Opposition to US plans for Iraq by the nation's top Shiite Muslim cleric grew more open, with publication of a newspaper ad that said "outsiders" should not determine how the first postwar legislature should be chosen. Grand Ayatollah Ali al-Husseini al-Sistani said such a body chosen by regional councils, as the US wants, instead of by popular vote, would be illegitimate and would lead to a deteriorating "security situation."
Israel's invitation to peace talks in Jerusalem was spurned by the government of neighboring Syria, which called it "not serious" and a "media maneuver." Negotiations broke down four years ago over the future of the strategic Golan Heights, which the Jewish state seized in the 1967 war and then annexed. Syria demands their return. The invitation to Syrian President Bashar Assad came one day after Israel's foreign minister confirmed that the bitter enemies had had secret contacts last year on resuming peace efforts. Meanwhile, more than 100,000 Israelis marched Sunday night in Tel Aviv in protest of Prime Minister Ariel Sharon's plan to empty Jewish settlements in the West Bank and Gaza Strip as part of an eventual peace with the Palestinians.
A national election in India, the world's largest democracy, appeared almost certain to be held in April, six months before Prime Minister Atal Behari Vajpayee's terms ends. Analysts said Vajpayee chose that time because it's the earliest an election can be organized and because he is riding the crest of a vigorous economy as well as the prospect of serious new peace negotiations with rival Pakistan.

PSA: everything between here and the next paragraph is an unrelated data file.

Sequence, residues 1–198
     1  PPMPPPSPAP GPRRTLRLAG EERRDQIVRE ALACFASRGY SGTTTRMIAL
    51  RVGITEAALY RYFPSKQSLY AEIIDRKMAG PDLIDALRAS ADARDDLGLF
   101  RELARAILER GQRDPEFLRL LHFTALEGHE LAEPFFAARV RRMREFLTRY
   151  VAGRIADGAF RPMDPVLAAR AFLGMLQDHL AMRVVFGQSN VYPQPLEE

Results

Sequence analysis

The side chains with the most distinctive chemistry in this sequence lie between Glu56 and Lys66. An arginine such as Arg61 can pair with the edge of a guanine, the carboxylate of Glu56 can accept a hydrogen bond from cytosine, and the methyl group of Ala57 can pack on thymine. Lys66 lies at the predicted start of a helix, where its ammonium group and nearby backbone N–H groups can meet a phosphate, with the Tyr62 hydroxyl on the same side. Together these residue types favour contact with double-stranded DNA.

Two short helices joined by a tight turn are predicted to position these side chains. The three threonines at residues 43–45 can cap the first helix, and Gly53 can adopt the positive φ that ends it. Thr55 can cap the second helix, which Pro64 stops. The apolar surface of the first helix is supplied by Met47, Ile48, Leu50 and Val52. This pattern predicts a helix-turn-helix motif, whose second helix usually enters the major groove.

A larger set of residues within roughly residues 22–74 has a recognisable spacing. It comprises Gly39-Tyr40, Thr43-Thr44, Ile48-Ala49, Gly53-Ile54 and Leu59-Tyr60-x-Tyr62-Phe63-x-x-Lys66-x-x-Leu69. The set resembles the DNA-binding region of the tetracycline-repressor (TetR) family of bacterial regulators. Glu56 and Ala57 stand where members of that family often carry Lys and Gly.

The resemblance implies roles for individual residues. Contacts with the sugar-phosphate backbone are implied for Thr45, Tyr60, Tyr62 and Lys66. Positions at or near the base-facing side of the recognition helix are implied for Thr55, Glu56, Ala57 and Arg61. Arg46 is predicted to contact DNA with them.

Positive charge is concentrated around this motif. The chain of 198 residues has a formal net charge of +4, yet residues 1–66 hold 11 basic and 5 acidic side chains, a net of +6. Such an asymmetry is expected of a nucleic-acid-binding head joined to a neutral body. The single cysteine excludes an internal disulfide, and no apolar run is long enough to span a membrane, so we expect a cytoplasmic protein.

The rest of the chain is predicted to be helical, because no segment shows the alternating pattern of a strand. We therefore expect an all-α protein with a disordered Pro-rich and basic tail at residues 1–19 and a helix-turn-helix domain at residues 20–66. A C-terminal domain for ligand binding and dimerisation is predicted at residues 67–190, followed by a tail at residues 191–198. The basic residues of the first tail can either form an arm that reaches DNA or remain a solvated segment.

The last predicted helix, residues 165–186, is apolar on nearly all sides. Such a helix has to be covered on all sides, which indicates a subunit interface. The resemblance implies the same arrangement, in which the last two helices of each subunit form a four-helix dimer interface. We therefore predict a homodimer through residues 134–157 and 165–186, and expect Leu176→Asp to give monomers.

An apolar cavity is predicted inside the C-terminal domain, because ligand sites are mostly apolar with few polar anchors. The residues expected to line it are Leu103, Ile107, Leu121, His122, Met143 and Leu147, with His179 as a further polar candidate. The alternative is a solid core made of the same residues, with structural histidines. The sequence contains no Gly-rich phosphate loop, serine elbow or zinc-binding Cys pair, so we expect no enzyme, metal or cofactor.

Controversial President Hugo Chávez of Venezuela left home for the Summit of the Americas in Mexico, saying for the first time publicly that he'll quit if he loses a prospective referendum on his rule. But in a newspaper interview he repeated assertions that his opponents used fraud to collect almost 3.5 million signatures on petitions demanding such a referendum, which is deemed unlikely to be held before May. Up to now, Chávez has insisted he wouldn't accept a decision by the National Elections Council to approve a vote.
A massive fire roared through an overcrowded section of Manila, injuring at least 23 people. An estimated 25,000 lost their homes. The blaze was believed started by an exploding fuel tank. Access by firefighters was restricted by passageways too narrow for their trucks, and it took almost eight hours for crews to put down the flames.